The Macao government insisted today that the special administrative region is not being affected by deflation.
The Statistics and Census Bureau (DSEC) said in a statement that last month’s year-on-year decrease in the consumer price index did not mean that Macao had entered a deflationary cycle.
The bureau announced earlier this week that Macao’s composite consumer price index (CPI) dropped by 0.40 per cent year-on-year, the first decrease since December 2009.
Observers say that Macao has been hit hard by the impact of the novel coronavirus pandemic on the local economy, its gaming, tourism, retail and media sectors in particular.
The bureau acknowledged that last month’s CPI decline has caused concern in civil society.
However, the bureau insisted that negative CPI growth for just one month did not mean that Macao has been hit by deflation.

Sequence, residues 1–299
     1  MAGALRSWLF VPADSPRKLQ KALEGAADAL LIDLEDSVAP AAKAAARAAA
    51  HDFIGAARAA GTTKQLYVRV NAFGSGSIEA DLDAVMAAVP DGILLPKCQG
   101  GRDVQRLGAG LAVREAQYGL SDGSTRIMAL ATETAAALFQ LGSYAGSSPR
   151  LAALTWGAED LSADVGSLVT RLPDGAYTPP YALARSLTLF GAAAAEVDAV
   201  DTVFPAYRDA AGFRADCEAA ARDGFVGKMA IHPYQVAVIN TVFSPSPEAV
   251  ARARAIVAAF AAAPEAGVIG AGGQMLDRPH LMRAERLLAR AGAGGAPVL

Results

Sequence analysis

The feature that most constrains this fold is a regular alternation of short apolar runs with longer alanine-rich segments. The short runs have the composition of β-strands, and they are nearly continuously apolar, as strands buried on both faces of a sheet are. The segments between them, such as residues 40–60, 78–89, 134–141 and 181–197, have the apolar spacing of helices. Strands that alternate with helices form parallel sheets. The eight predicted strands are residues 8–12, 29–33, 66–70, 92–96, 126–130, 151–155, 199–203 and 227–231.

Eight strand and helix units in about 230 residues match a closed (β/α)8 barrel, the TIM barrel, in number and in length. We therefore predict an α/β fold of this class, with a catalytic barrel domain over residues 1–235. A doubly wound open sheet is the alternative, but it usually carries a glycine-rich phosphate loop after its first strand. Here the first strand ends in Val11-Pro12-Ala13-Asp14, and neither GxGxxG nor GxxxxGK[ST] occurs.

According to the statement, deflation only occurs after six consecutive months of negative inflation. “That’s why there is currently no deflation in Macao,” the statement said.
A 2003 study by the International Monetary Fund (IMF) defines deflation as “a sustained decline in an aggregate measure of prices such as the consumer price index [CPI] or the GDP deflator,” pointing out that “one or two quarters of price declines, while technically constituting deflation, would not be worrying.”
The study admitted, however, that “even mild but continuous deflation could be a cause of concern, as it may increase economic uncertainties, distort allocation, entail distributional consequences, and lead to subpar growth performance.”
The DSEC statement pointed out that since the outbreak of the COVID-19 pandemic at the beginning of this year, most price indices in Macao have “basically” remained stable.
The bureau also underlined that for the 12 months ended last month, the average composite CPI rose by 1.70 percent from the previous period (October 2018 to September 2019).